The pace of vaccine roll-outs is another sticking point.

While the rate of vaccinations has improved in the United States – the world’s largest air-travel market before the virus struck – inoculation programmes have been far from aviation’s panacea. In some places, they’re just one more thing for people to squabble about. Vaccine nationalism in Europe has dissolved into rows over supply and who should be protected first. The region is also fractured over whether a jab should be a ticket to unrestricted travel.

It all means a rebound in passenger air traffic “is probably a 2022 thing”, according to Joshua Ng, a Singapore-based director at Alton Aviation Consultancy. Long-haul travel may not properly resume until 2023 or 2024, he predicts. The International Air Transport Association (IATA) said this week that passenger traffic may only improve by 13 per cent this year. Its official forecast for a 50 per cent rebound was issued in December.

American Airlines Group on Wednesday warned 13,000 employees they could be laid off, many of them for the second time in six months.

At the end of 2020 “we fully believed that we would be looking at a summer schedule where we’d fly all of our airplanes and need the full strength of our team,” the group’s chief executive Doug Parker and president Robert Isom told workers. “Regrettably, that is no longer the case.”

The lack of progress is clear in the skies. Commercial flights worldwide as of February 1 wallowed at less than half pre-pandemic levels, according to OAG Aviation Worldwide. Scheduled services in major markets including Britain, Brazil and Spain are still falling, the data shows.

Quarantines that lock up passengers upon arrival for weeks on end remain the great enemy of a real travel rebound. A better alternative, according to IATA, is its digital “Travel Pass” to store passengers’ vaccine and testing histories, allowing restrictions to be lifted. Many of the world’s largest airlines have rolled out apps from IATA and others, including Singapore Airlines, Emirates and British Airways.

“We need to be working on as many options as possible,” says Richard Treeves, British Airways’ head of business resilience. “We’re hopeful for integration on those apps and common standards.”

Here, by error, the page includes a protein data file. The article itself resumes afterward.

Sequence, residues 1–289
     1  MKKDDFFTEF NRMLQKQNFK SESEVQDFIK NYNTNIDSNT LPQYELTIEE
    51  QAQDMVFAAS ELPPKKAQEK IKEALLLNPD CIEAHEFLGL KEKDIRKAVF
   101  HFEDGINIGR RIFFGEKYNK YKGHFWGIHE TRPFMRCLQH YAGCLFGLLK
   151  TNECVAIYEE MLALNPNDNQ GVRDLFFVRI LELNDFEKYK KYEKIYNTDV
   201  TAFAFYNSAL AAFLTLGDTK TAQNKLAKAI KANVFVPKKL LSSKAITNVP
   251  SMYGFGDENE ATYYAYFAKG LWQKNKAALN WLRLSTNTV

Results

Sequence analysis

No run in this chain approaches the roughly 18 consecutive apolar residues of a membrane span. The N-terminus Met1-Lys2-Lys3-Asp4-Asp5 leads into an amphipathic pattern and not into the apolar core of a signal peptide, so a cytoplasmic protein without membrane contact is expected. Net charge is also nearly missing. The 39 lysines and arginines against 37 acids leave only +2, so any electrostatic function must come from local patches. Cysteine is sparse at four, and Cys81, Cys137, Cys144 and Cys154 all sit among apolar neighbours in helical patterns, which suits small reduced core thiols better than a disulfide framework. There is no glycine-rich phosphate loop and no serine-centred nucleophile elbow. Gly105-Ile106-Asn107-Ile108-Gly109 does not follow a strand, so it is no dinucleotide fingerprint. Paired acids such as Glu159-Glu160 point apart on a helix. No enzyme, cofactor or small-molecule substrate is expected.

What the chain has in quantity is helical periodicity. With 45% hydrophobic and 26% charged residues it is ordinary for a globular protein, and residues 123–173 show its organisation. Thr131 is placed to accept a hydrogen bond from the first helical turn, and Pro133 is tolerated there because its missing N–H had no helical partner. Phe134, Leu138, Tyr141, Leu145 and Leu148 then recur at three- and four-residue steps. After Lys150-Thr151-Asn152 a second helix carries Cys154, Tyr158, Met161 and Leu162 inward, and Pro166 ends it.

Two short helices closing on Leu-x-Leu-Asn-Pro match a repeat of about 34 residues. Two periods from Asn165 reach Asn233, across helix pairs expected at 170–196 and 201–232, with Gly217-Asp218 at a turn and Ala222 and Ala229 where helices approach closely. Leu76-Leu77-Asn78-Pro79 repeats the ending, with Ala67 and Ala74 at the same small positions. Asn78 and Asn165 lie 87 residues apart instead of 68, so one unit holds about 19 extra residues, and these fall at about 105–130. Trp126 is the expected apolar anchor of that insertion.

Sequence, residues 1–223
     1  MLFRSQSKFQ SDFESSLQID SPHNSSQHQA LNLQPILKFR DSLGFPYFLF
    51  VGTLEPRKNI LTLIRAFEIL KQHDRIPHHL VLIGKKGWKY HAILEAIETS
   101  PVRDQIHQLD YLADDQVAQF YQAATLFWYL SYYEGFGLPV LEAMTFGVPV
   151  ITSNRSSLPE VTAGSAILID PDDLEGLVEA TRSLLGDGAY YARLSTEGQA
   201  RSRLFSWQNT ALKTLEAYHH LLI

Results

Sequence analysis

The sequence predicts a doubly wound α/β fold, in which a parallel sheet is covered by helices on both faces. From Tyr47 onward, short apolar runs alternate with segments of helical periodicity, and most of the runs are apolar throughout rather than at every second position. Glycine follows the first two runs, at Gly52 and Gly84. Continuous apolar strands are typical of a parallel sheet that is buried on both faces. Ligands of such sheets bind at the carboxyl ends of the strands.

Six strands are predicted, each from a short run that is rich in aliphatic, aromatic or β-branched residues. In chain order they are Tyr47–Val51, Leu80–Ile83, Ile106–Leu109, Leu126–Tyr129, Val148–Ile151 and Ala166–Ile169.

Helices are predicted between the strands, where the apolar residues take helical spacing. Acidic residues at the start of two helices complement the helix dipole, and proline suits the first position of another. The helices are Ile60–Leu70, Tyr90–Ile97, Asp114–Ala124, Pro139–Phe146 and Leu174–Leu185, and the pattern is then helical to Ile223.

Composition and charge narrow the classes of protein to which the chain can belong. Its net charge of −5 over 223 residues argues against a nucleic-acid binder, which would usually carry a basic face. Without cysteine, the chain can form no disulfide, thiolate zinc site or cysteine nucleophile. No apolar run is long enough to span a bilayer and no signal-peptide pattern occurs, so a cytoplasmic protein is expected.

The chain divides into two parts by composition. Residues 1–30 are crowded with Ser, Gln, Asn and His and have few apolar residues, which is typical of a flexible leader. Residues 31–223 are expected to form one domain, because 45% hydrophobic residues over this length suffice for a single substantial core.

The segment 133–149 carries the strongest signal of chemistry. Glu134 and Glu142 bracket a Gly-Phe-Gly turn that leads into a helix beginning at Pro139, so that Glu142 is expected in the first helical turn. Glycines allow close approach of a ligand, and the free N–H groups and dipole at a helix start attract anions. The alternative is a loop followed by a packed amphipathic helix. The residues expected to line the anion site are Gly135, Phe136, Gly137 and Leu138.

But even IATA recognises there’s no guarantee every state will adopt its Travel Pass right away, if at all. There’s currently no consensus on vaccine passports within the 27-member European Union, with tourism-dependent countries such as Greece and Portugal backing the idea and bigger members including France pushing back.

“We’re going to have a lack of harmony at the beginning,” Nick Careen, IATA’s senior vice-president for passenger matters, said at a briefing last month. “None of it is ideal.”

A testing centre at Heathrow Airport, London, Britain on January 18, 2021.


The airline group has called on the WHO to determine that it is safe for inoculated people to fly without quarantining, in a bid to bolster the case for Travel Pass. But the global health body remains unmoved.

“At this point, all we can do is say, yes, you were vaccinated on this date with this vaccine and you had your booster – if it’s a two-course vaccine – on this date,” the WHO’s Harris said. “We’re working very hard to get a secure electronic system so people have that information. But at this point, that’s all it is. It’s a record.”

A vaccine passport wouldn’t be able to show the quality or durability of any protective immunity gleaned from being inoculated, or from being infected with virus naturally, either, Harris said.

“The idea that your natural immunity should be protective and that you could somehow use this as a way of saying ‘I’m good to travel’ is out completely.”